Below is a summary of some of the key issues highlighted in the CQC's 2019 State of Care Report. The State of Care report is an annual assessment of health care and social care in England. The report looks at the trends, shares examples of good and outstanding care, and highlights where care needs to improve. The full report can be found here. 

Ratings as of 31 July 2019

The overall quality of care that people receive in England has improved very slightly from last year. When people are receiving care, it is mostly of good quality. As at 31 July 2019:

  • 90% of GP practices were rated as good and 5% as outstanding
  • 80% of adult social care services were rated as good and 4% as outstanding
  • 65% of NHS acute core services were rated as good and 7% as outstanding
  • 71% of NHS mental health core services were rated as good and 10% as outstanding.

However 4% of GP practices, 15% of adult social care services, 25% of NHS acute core services and 17% of NHS mental health core services were rated as requires improvement as of 31 July 2019.

The following were rated inadequate as of 31 July 2019:

  • 1% of GP practices (82 practices)
  • 1% of adult social care services (285)
  • 2% of NHS acute core services (43)
  • 3% of NHS mental health core services (15)[1]

 

Care given to people with a learning disability or autism

The report states that the care given to people with a learning disability or autism is not acceptable. People are not able to access the type of care they need, when they need it. This results in some people reaching a level of ‘crisis’ that needs immediate and costly intervention before getting the care they need, or that they end up in inappropriate parts of the system such as hospitals.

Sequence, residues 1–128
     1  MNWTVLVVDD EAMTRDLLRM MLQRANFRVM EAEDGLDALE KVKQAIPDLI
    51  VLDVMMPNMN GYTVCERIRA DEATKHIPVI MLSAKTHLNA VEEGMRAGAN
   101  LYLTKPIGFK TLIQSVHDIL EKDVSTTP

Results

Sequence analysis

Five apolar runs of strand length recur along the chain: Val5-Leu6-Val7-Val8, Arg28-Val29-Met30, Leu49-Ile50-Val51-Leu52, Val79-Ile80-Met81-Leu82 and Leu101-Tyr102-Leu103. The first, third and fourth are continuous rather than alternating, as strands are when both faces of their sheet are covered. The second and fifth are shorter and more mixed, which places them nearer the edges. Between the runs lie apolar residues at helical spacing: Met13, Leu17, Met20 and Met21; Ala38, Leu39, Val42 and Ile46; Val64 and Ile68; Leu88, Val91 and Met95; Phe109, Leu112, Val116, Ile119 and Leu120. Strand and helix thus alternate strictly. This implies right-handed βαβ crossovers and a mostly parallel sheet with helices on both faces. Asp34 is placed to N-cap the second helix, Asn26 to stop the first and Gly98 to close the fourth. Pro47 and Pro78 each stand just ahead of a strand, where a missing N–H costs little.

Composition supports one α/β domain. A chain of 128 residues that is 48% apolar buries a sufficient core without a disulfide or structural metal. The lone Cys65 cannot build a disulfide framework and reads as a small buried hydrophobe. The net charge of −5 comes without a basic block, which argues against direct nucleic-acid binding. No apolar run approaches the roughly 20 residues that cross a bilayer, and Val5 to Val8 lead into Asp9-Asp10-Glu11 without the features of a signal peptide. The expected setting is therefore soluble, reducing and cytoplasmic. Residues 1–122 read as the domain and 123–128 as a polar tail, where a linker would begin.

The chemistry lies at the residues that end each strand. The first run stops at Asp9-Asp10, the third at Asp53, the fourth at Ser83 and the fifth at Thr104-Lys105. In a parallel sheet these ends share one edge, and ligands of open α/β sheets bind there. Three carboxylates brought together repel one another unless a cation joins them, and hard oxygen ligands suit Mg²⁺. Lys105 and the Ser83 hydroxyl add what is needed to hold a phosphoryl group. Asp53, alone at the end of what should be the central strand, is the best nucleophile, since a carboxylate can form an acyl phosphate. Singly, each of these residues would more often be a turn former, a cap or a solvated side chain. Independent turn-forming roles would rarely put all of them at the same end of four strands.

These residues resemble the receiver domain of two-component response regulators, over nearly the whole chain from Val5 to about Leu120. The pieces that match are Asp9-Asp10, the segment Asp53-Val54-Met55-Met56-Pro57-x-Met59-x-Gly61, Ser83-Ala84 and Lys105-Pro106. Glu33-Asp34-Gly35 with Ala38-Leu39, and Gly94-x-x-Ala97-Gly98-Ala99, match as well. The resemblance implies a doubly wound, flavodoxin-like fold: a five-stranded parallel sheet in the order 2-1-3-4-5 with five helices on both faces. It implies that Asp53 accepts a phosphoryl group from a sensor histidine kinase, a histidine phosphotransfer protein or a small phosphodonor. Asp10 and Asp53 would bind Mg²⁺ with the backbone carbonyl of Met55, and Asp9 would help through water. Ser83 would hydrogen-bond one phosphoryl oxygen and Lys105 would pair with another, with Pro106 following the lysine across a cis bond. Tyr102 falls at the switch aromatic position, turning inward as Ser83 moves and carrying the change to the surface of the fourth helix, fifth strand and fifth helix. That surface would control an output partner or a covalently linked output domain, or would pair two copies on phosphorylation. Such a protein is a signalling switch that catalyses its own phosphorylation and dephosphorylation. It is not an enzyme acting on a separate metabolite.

The CQC has concerns about the quality of inpatient wards that should be providing longer-term and highly specialised care for people- e.g. long term segregation as highlighted in this year’s Interim report. Since October 2018, the CQC has rated as inadequate 14 independent mental health hospitals that admit people with a learning disability and/or autism, and put them into special measures.

The report also raises concerns around staffing and workforce, with staff lacking the skills, training, experience or clinical support to care for patients with complex needs. Indeed, in the majority of mental health inpatient services rated as inadequate or requires improvement since October 2018, the inspection reports identified a lack of appropriately skilled staff as an issue. [2]

 

Other types of care

There is increasing pressure on all types of care. July 2019 saw the highest percentage of patients spending more than four hours in the emergency department than any previous July, alongside the highest number of people attending in any month, for at least the last five years.[3] This creates, knock-on effects and extra pressures when people cannot easily access the care they need.

The Need for More and Better Community Care Services

The report refers to the finding from the interim report on segregation, that there was a pattern of people with a learning disability or autism who had not had access to the help they needed as children from health, care and education services ending up in hospital when they situation reached a crisis point. Their stay in hospital would then end up being prolonged because of delays in setting up the package of care they needed after they were discharged.[4]